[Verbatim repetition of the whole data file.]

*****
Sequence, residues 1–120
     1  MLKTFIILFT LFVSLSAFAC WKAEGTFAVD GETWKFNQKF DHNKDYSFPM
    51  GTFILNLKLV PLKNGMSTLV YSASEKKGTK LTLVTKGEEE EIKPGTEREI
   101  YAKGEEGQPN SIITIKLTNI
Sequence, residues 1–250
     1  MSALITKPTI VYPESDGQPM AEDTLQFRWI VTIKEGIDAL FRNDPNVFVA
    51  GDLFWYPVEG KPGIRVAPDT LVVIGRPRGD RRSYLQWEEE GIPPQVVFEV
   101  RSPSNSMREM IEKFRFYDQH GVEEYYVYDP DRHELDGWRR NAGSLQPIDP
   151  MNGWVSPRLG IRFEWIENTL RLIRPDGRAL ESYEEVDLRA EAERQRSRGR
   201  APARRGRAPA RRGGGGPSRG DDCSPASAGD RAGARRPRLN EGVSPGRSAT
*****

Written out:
Sequence, residues 1–120
     1  MLKTFIILFT LFVSLSAFAC WKAEGTFAVD GETWKFNQKF DHNKDYSFPM
    51  GTFILNLKLV PLKNGMSTLV YSASEKKGTK LTLVTKGEEE EIKPGTEREI
   101  YAKGEEGQPN SIITIKLTNI
Sequence, residues 1–250
     1  MSALITKPTI VYPESDGQPM AEDTLQFRWI VTIKEGIDAL FRNDPNVFVA
    51  GDLFWYPVEG KPGIRVAPDT LVVIGRPRGD RRSYLQWEEE GIPPQVVFEV
   101  RSPSNSMREM IEKFRFYDQH GVEEYYVYDP DRHELDGWRR NAGSLQPIDP
   151  MNGWVSPRLG IRFEWIENTL RLIRPDGRAL ESYEEVDLRA EAERQRSRGR
   201  APARRGRAPA RRGGGGPSRG DDCSPASAGD RAGARRPRLN EGVSPGRSAT